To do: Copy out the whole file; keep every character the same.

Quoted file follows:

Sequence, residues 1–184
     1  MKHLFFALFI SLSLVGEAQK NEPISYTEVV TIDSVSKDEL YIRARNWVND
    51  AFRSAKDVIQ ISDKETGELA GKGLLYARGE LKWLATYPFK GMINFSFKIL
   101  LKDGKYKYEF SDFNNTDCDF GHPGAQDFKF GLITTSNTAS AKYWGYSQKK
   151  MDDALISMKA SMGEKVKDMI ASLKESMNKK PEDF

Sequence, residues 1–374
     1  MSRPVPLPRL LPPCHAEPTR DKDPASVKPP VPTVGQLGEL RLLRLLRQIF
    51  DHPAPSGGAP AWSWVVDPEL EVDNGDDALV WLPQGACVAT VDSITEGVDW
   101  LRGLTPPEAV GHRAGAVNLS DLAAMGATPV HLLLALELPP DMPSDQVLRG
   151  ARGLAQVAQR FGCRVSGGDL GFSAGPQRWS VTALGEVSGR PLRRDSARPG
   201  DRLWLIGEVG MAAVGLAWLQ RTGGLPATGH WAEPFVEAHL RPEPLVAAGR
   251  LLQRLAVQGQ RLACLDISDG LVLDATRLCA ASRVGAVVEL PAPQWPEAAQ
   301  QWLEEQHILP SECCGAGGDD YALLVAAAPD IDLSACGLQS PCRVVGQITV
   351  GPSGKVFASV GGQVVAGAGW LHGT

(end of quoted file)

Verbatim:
Sequence, residues 1–184
     1  MKHLFFALFI SLSLVGEAQK NEPISYTEVV TIDSVSKDEL YIRARNWVND
    51  AFRSAKDVIQ ISDKETGELA GKGLLYARGE LKWLATYPFK GMINFSFKIL
   101  LKDGKYKYEF SDFNNTDCDF GHPGAQDFKF GLITTSNTAS AKYWGYSQKK
   151  MDDALISMKA SMGEKVKDMI ASLKESMNKK PEDF

Sequence, residues 1–374
     1  MSRPVPLPRL LPPCHAEPTR DKDPASVKPP VPTVGQLGEL RLLRLLRQIF
    51  DHPAPSGGAP AWSWVVDPEL EVDNGDDALV WLPQGACVAT VDSITEGVDW
   101  LRGLTPPEAV GHRAGAVNLS DLAAMGATPV HLLLALELPP DMPSDQVLRG
   151  ARGLAQVAQR FGCRVSGGDL GFSAGPQRWS VTALGEVSGR PLRRDSARPG
   201  DRLWLIGEVG MAAVGLAWLQ RTGGLPATGH WAEPFVEAHL RPEPLVAAGR
   251  LLQRLAVQGQ RLACLDISDG LVLDATRLCA ASRVGAVVEL PAPQWPEAAQ
   301  QWLEEQHILP SECCGAGGDD YALLVAAAPD IDLSACGLQS PCRVVGQITV
   351  GPSGKVFASV GGQVVAGAGW LHGT